New Mexico teachers praise living wage hike / Public News Service

Teachers returning to the classroom in New Mexico this fall will see the first significant salary increase in several years.

Starting July 1, all public school teachers, regardless of grade, will receive a raise of at least $10,000.

Whitney Holland, president of the American Federation of New Mexico Teachers, was elected after teaching for nearly a decade. She has advocated for what she calls a “living wage” because she remembers how hard it was to make ends meet when she started teaching in 2012.

“So when I started, I made $32,000, and it was tough,” Holland said. “Now our entry-level teachers will make $50,000, and that’s pretty significant. It’s competitive for the regions around us, and it’s competitive for other professions.”

The annual salary for tier “two” teachers will now be $60,000 per year, while “tier three” teachers will see their salaries climb to $70,000. According to the governor’s office, the increases make New Mexico the highest-paid education system in the region, higher than Arizona, Colorado and Utah.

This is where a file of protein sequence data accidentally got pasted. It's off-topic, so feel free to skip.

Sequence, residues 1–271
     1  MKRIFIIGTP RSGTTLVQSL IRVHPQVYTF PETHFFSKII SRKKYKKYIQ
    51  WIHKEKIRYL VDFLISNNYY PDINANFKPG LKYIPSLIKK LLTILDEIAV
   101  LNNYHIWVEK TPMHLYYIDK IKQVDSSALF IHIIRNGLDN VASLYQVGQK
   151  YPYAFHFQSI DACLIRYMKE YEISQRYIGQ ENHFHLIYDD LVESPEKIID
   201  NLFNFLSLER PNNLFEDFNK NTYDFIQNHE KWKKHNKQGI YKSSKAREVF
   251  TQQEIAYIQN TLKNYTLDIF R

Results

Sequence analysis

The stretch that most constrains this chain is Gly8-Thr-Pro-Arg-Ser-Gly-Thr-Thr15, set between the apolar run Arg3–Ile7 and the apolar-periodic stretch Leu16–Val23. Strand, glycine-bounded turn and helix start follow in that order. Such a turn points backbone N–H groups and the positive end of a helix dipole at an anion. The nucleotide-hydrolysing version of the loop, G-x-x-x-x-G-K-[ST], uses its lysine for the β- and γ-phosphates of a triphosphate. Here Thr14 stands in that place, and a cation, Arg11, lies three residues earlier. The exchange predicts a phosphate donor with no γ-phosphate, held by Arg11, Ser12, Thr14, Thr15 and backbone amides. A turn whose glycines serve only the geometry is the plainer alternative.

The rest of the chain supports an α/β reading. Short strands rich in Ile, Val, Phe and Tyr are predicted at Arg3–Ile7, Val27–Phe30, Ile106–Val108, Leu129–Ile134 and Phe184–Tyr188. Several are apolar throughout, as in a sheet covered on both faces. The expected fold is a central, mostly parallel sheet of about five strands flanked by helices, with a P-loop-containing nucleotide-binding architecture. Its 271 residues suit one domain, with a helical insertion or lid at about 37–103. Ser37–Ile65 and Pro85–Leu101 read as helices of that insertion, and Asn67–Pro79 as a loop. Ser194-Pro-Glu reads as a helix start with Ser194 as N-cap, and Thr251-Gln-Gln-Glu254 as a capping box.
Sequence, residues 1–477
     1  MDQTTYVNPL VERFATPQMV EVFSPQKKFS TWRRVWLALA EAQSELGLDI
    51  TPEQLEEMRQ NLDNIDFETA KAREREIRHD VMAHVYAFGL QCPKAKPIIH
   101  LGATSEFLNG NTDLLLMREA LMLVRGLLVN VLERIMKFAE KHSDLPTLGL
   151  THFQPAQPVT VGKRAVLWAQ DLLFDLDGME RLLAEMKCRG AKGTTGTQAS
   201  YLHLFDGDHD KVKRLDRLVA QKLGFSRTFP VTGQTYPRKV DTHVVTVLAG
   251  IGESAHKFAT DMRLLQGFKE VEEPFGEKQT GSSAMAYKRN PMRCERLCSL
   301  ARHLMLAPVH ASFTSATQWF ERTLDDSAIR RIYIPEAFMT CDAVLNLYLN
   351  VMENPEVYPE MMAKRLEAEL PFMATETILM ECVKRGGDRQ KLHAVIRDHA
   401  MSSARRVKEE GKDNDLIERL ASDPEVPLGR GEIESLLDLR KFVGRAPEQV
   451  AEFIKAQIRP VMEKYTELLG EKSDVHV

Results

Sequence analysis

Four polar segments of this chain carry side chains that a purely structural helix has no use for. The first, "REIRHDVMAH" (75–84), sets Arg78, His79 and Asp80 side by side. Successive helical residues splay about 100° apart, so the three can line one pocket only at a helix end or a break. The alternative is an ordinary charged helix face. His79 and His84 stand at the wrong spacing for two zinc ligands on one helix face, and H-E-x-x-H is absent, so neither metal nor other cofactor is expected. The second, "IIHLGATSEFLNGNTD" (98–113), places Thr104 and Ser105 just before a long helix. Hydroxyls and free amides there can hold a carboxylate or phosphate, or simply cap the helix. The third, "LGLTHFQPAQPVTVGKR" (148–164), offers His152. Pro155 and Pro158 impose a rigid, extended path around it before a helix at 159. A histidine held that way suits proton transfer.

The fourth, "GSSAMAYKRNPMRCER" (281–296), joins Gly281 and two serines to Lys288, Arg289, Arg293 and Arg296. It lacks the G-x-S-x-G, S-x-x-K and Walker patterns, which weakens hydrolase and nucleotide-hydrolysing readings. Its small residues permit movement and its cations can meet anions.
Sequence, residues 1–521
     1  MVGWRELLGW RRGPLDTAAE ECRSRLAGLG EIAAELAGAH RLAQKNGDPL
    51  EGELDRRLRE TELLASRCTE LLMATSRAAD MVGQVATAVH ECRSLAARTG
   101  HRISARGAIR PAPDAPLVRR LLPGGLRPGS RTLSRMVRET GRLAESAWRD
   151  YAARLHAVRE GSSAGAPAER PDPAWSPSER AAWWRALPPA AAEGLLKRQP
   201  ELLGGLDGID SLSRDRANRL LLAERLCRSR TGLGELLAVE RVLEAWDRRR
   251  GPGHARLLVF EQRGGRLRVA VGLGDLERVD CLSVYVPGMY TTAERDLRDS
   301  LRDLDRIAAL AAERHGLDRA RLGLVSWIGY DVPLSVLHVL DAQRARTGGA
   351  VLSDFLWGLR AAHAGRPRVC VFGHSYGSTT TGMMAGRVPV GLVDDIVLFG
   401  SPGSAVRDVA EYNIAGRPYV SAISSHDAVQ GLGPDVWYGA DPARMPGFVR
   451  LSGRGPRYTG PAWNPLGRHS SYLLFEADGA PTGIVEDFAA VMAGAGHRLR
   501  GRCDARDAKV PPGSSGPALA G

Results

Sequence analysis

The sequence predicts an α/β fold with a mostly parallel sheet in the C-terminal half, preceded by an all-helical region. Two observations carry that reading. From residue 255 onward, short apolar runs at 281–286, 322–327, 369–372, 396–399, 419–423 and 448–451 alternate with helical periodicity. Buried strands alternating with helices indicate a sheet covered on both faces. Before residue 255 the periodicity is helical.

In addition to salary increases, Holland pointed out that recently passed legislation would lay the foundation for rebuilding the educational profession in New Mexico, investing in the educator workforce to retain veteran educators and attract new ones. new educators in the state.

“We wholeheartedly believe that having fully staffed schools is exactly what our students deserve,” Holland said. “All of this legislation is a step towards that and rebuilding those schools and staffing them.”

According to Holland, the pandemic has not only decimated teaching positions in schools, but also created nearly 2,000 vacancies for positions such as bus drivers, caretakers, secretaries and others who help run schools. New Mexico was the only state to bring in members of the National Guard, Army and Air Force troops to fill in for teaching due to pandemic-related absences.

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Michael A. Bynum